• Environmental Impact 1. West at Home Study Highlights, Home Agent’s Positive Environmental Impact = INCREASED VALUE $1,714 Billion $640 Million Savings from Reduction in Commuting Expenses $468 Million $175 Million Savings from Reduced Gasoline Consumption 156 Million Gallons 58 Million Gallons Reduction in Gasoline Consumption 1,267,000 Metric Tons 473,013 Metric Tons Reduction in Air Pollution Home-based Agents in 2010 Home-based Agents in 2007 1.
  • Case Study
  • Case Study
    • Established in 1972 as the Industry Leader by being the most responsive, stable and cost-effective company in the Student Loan Management Industry.
    • Highly regulated product.
    • Call Center/Production environment.
    • Family owned and operated in Pittsburgh, Pennsylvania.
    • 25 In-house agents and 15 At-Home agents.
    Company Overview:
  • Case Study
    • Business diversifying; need for higher quality talent.
    • Location of center far from workforce pool.
    • Lower costs for staffing needed.
    • Outgrown existing facility.
    • Disaster recovery plan needed.
    At-Home Business Drivers:
  • Case Study
    • Several centers closed down in area, so job pool of highly, qualified talent available, just not in area of center.
    • Documented Job Descriptions to delineate In-House vs. At-Home agent duties, criteria and competencies.
    • Typical profile
      • -stay-at-home moms
      • -been in workforce previously and wanted part-time
      • -banking/financial first; call center second
      • -college degree
    • Phone screen and onsite interview
    • “ Birds of a feather….” referrals
    • “ You are recruiting for a lifestyle…..”
  • Case Study
    • Hiring Profiles based on high performers.
    • Job-Shadowing prior to hire.
    • Listening to calls .
    • Document job responsibilities, requirements, procedures, policies and time frames.
    Recruiting Best Practices:
  • Case Study
    • In-house (onsite), instructor-led primarily with CBT modules for systems and regulations.
    • 2 weeks: 6 days instruction, testing, roleplaying; 4 days on OJT, shadowing and mentoring.
    • Once per month brought in-house for “spot” training.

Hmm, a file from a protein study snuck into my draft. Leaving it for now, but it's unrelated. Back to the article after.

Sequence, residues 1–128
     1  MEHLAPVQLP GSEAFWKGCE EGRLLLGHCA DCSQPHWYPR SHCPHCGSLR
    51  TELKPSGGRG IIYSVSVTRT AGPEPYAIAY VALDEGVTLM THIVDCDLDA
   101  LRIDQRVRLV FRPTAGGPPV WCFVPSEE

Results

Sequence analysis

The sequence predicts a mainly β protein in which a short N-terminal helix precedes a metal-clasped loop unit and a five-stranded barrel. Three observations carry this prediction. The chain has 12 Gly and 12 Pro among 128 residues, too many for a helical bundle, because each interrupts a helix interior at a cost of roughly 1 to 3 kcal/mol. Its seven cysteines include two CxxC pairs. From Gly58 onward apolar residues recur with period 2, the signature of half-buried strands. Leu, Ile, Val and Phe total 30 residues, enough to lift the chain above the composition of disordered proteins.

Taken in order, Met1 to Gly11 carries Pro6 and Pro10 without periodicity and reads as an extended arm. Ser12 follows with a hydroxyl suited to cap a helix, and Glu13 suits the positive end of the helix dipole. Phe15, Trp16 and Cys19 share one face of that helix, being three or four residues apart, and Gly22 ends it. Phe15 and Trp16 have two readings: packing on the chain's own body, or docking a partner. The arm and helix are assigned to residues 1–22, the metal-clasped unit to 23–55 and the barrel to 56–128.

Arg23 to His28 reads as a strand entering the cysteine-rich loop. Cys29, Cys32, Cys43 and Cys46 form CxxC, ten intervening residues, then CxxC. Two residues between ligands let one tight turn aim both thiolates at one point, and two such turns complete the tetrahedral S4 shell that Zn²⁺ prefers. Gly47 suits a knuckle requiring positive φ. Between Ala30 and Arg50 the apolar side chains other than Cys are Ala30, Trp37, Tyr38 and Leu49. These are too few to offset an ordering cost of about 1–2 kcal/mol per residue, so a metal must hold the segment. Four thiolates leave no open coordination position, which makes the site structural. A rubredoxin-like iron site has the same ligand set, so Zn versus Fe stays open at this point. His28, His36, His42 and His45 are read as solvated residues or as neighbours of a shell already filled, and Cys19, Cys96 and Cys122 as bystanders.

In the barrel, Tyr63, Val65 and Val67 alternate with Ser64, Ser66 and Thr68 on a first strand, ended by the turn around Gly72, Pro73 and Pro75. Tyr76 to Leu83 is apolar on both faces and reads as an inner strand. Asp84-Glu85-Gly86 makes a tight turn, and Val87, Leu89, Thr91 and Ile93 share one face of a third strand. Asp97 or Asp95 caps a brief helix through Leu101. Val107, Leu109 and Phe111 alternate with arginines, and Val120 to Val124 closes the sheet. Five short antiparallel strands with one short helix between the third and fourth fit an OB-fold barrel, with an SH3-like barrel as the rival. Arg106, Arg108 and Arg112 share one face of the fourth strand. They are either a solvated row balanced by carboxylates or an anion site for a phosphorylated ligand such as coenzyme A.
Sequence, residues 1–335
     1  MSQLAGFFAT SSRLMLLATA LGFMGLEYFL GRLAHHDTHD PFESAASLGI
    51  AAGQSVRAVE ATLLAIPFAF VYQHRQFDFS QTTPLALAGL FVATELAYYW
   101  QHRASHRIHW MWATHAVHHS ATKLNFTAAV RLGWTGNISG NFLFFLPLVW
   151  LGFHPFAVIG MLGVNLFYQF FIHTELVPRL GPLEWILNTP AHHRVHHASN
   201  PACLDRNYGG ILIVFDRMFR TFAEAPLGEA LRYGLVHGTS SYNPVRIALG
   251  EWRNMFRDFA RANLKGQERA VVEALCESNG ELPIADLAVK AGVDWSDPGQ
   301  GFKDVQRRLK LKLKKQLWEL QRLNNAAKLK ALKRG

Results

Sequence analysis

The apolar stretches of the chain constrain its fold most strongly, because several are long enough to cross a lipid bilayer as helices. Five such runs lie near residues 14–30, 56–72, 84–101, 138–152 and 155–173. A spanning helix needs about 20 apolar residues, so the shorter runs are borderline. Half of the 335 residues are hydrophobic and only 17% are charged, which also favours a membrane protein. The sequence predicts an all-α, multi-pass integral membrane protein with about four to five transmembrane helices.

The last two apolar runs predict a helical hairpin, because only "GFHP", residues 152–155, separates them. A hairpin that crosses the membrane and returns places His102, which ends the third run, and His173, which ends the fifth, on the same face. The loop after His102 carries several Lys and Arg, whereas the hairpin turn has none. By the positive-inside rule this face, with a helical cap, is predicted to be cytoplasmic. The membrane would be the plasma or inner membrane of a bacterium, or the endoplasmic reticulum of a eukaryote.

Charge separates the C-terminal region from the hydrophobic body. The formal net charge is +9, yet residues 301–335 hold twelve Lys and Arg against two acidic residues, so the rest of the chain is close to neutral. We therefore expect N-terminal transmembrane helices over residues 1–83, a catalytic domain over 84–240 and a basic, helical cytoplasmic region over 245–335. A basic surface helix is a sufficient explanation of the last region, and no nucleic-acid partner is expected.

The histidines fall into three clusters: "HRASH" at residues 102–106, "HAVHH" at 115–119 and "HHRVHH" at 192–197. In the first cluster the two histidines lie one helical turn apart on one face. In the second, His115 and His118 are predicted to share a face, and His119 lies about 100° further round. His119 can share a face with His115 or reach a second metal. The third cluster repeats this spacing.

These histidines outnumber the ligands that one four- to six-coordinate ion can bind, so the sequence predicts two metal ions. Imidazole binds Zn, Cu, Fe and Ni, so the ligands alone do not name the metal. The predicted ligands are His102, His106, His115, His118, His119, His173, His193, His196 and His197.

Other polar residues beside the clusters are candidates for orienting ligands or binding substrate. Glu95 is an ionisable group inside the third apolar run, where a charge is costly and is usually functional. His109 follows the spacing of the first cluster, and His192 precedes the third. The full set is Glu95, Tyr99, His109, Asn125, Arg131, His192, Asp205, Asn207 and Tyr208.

• 1-2 weeks after initial training, brought in for testing on retention.
    • QA to re-enforce.
    • Train in-house agents separately from at-home agents.
  • Case Study
    • Bring agents in-house, for initial training, to learn the culture and feel connected.
    • Blended Learning is best:
      • -elearning for product knowledge, processes, operations, procedures, skill knowledge
      • -Instructor-led for skill practice, feedback and re-enforcement
    • Utilize your intranet or LMS to keep accountability for learning.
    Training Best Practices:
  • Case Study
    • Utilize technology to create learning groups and provide feedback and “high touch” when in-house training is not possible.
    • Leverage elearning simulation training (call, email, chat) to ramp up the learning time.
    • Establish an assist queue.
    • Deliver ongoing training based on need identified in QA; don’t “sheep dip”.
    • Tie ongoing training to results: increased QA or decreased AHT.
    Training Best Practices:
  • Case Study
    • QA key tool for feedback.
    • Recorded calls and remote QA sessions.
    • Include At-home agents in all meetings and communications.
    • Schedule weekly “touches” with at-home agents to garner feedback.
    • Support success via IM and Chat.
    • TBD…..
  • Case Study
    • Always schedule coaching sessions via WFM.
    • Create balanced scorecards that acknowledge the responsibilities and contributions of the at-home role.
    • Separate performance coaching from results coaching.
    • Maximize coaching with at-home agents to foster a sense of community (e.g. “what’s up?”).
    • Document coaching sessions and next steps electronically and store on intranet/portal.
    • Intricately weave QA into coaching.
    Managing/Coaching Best Practices:
  • Lessons Learned
    • Engagement is key! Utilize social networking to create community.
    • Allow autonomy and self-management if you have the technology/tools (WFM, QA, eLearning).
    • Solicit feedback for improvement and maximize their past business experiences.
    • Leverage at-home agents’ life experience and education.
      • Complex call types
      • High value customers
  • Final Thoughts…
    • Risks
      • Not connected to organization’s culture
      • Difficult to keep on top of performance
      • Strong internal managers may not transition well to a virtual management structure
      • Technology required to ensure customer experience must be seamless
      • Agents must be technologically savvy
      • Traditional training won’t meet the needs of these learners
    • Opportunities
      • Make sure there is clear communication, frequent touch points
      • Set up structured performance management process including monitoring, coaching and follow-up
      • Leverage new technology in the marketplace to ensure the best customer experience
      • Leverage alternative delivery methods like e-Learning
    Home Based Agents – Risks and Rewards
  • WIFM
    • Take Away Activity
  • “ Bridging the Gap between At-Home Agents and In-House Agents.” ACCE Conference & Expo June 16, 2010 Anne Ivey Slough Director, Customer Loyalty Practice [email_address] 919.779.0003